Up to 40% of the words from the “Explanatory dictionary of the live great Russian language”, compiled by Vladimir Dahl in the mid-nineteenth century, can be regarded as completely obsolete.
To such conclusion the company “Yandex”, if the necessary research.
“150 years ago, was first fully published the dictionary of Dalja. He became famous as a dictionary that is living, everyday language, spoken in Russia in the mid-nineteenth century. We decided to see how much has since changed the language and compare the words from the dictionary Dahl with those that people use in search queries,” reads the study.
Was used to analyze the words that are in the dictionary Dahl, in the National corpus of the Russian language – an electronic collection of texts in Russian, adapted to the search for the XX century and early XXI century. During the year, users of “Yandex” is searched for the value of 750 thousand of the words national corpus.
“We can say that these are the words which are used in contemporary texts of different genres – from fiction to business documents. Dahl gives the interpretation of approximately 200 thousand words, including almost one fifth (18%) per year was never met in search queries to Yandex”, – stated in the study.
It turned out that in the case and the dictionary match 44% of the words. However, about 20% of them are homonyms – words that are spelled and pronounced the same, but “dulevskom” the value does not exist. For example, “porn” Dahl stands firmly, quickly, securely, “ban” means to wash with water, from the word “bath” and “joke” – a fortified berth number to which to bind the boat. All now familiar “dvach” Dahl means “object, consisting of two parts”.
Another 38% of the words mentioned in the query but absent in the case of the Russian language.
“Gone words (18% or about 40 thousand) of words from the dictionary Dahl can be considered completely obsolete in a year people haven’t been looking through these words and not even asked about their meaning. The proportion of verbs among these words is considerably greater than in the dictionary as a whole, and the proportion of nouns – less. Thus, verbs from the dictionary Dahl become obsolete faster than nouns”, – emphasized in the study.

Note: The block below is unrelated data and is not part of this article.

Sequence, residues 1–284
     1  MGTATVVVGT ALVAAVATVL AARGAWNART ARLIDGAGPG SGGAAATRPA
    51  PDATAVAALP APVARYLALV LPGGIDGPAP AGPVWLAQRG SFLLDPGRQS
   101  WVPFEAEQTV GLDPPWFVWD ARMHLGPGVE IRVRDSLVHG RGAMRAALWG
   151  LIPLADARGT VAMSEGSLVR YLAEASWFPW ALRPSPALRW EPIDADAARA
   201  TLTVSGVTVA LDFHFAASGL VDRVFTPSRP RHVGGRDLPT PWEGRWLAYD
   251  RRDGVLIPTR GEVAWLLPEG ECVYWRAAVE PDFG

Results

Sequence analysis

Out of circulation experts attributed a number of words which interest the user, in terms of their definition. Of words whose meaning is often trying to figure out the queries, turned out to be about 8.5%.
Interestingly, in different regions of Russia people are interested in different words.
“Yandex” has made a linguistic map of Russia, which marked the characteristic of each region of the query words from the dictionary Dahl.
In the Moscow region, among others, often search for the words “kalimati” (to knock), “Segodnya” (baked bread today) and “perestroka” (dash).
Residents of Primorsky Krai are often in search queries use the words: “rathvilly”, “cybunny” (shaky), “Zarudny” (blurred), “veselkovyj” and “Nadolny” (built, redstavleny).
In the Kamchatka region people want to know what “chiruch” (a device for digging and for catching small fish), “cocotte” (shouting at magpies), “Kamchat” (made of damask – silk fabric Chinese), “motorcity” (convert to Islam), “the whip” (whip, whip).
In Kaliningrad a special popularity in the search use the words “Habana” (mischievous, insolent), “pobyty” (everyday), “gotisk” (finally deticate someone), “lyuso” (deceit, deception).
In the Crimea often search for the meaning of the words “jadebullet” (start to put on weight), “shelepina” (shell, husk), “syzivka” (bluish sticky clay), “Kraton” (Raven), “to allocate” (to throw, to beat).
However, obsolescence and withdrawal from the use of words and their replacement by other natural phenomena for any living language.
“Go the words, in particular, because the disappearing objects and phenomena, they are called. They become historicism. Other words no longer used, because there are synonyms, which are preferable,” – said RT, doctor of philological Sciences, Professor Perm national research Polytechnic University Natalia Nesterova.
Earlier, the Russian linguist Evgenii Polivanov noted that “at each stage of language succession are only a partial, relatively small changes,” fundamental changes leading to linguistic generation gap, “conceivable only as the sum of many small changes accumulated over several centuries or even millennia”.
To determine the moment when the word becomes obsolete or goes out of the discharge novoobrazovany neologisms in everyday vocabulary, is quite difficult.
The author of numerous dictionaries, Moscow state University Professor Vladimir Elistratov gave the following example: “for Example, Dahl was the word “levoshko” and it’s the middle of the XVIII century. Then, somewhere in the middle of the XX century, there appeared “cool” now among young people it is absolutely up to date.”